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Information diffusion: planned not random

Thanks to the data revolution—big data coming at light speed from internal and external sources—we have moved beyond the Internet era into the information era, and according to experts, the data revolution is going to make the Internet revolution look like a movie trailer to the main attraction.

But what does this mean for the future of business? How will the information era change business organizations? According to Erik Brynjolfsson, Professor of Information Technology at MIT Sloan School of Management, organizations that can diffuse the outside and internal communication streams into crucial information delivered to key employees will be the most productive and the most profitable.

Brynjolfsson and his research team gathered ten months of email data and five years of revenue data and project data from co-worker relationships at a mid-sized executive recruiting firm. The experiment identified two primary types of information diffusing through the recruiting firm network—event news and discussion topics—observing the several thousand paths those pieces of information followed (known as diffusion processes).

What they found, revealed in their research study “Productivity Effects of Information Diffusion in Networks,” is no surprise, but nonetheless extremely useful to managers and senior leaders looking to improve productivity and profit. Information does not diffuse randomly. Information diffuses according to the nature of the relationships via which the information travels.

  • News information characterized by a spike in communication and rapid, pervasive diffusion through the organization is influenced by demographic and network factors, but not by functional relationships (prior co-work, authority) or the strength of the relationships.
  • In contrast, diffusion of discussion topics, which exhibit more shallow diffusion characterized by “back-and- forth” conversation, is heavily influenced by functional relationships and the strength of ties, as well as demographic and network factors.
  • Access to key information affects productivity and profit. Individuals who learn of novel information are in a position to take actions on that information that ultimately speed the completion of projects and the generation of revenue.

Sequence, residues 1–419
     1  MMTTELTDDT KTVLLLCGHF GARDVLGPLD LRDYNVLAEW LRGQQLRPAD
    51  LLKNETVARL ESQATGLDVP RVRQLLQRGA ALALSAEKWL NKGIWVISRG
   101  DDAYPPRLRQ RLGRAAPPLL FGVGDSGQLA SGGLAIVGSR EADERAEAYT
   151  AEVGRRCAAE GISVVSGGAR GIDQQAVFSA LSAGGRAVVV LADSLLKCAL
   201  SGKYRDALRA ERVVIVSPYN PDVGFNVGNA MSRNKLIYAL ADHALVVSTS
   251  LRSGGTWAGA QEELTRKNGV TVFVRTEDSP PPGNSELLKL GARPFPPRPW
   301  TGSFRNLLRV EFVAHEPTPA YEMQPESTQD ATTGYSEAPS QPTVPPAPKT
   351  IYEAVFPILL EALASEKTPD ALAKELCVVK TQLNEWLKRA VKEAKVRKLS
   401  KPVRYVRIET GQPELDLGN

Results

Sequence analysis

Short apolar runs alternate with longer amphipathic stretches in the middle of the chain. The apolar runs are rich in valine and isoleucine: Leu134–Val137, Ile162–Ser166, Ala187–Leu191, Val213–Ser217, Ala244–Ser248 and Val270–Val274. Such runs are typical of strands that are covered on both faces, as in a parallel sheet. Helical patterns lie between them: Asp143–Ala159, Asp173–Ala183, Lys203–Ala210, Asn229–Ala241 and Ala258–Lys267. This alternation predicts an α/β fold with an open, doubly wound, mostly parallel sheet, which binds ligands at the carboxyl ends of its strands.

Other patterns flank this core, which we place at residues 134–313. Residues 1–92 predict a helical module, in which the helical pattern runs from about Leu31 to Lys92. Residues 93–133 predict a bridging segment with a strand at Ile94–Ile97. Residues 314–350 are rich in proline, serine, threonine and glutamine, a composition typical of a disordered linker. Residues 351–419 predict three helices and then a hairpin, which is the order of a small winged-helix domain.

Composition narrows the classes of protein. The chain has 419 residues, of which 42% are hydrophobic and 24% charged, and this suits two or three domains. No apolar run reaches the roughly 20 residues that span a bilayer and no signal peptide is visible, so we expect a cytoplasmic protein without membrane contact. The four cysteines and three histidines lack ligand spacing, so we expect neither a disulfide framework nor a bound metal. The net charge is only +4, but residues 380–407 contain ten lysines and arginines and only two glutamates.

Translation? According to Brynjolfsson, “The type of information and the types of social relations jointly predict the diffusion path of novel information … and that access to novel information strongly predicts employees’ productivity and the company’s overall profit.” Specifically, at the mid-size recruiting firm, employees who encountered ten additional novel words—key pieces of information—beyond the average increased their project completion by an additional 1%, resulting in an additional $700 in incremental revenue. Multiply that by several words, across additional employees more frequently, and that adds up to quite a lot of productivity and profit over time.

What Can Companies Do to Deliver the Right Information to the Right Employees? 

More research needs to be done, but companies can use this information to evaluate their IT structure, as well as the efficiency of communications across the organization. There may be a gap in what leadership teams believe is effective communication and information delivery, as well as the reality of key pieces of information being delivered to employees. Even small changes—re-grouping teams that work together frequently in a closer proximity or reorganizing meeting structures to give employees ample time to catch emails and phone calls—can add up to bigger profit.

Brynjolfsson Blogger

Erik Brynjolfsson is a Professor of Information Technology at MIT Sloan and teaches in Big Data: Making Complex Things Simpler and the Advanced Management Program at MIT Sloan Executive Education.


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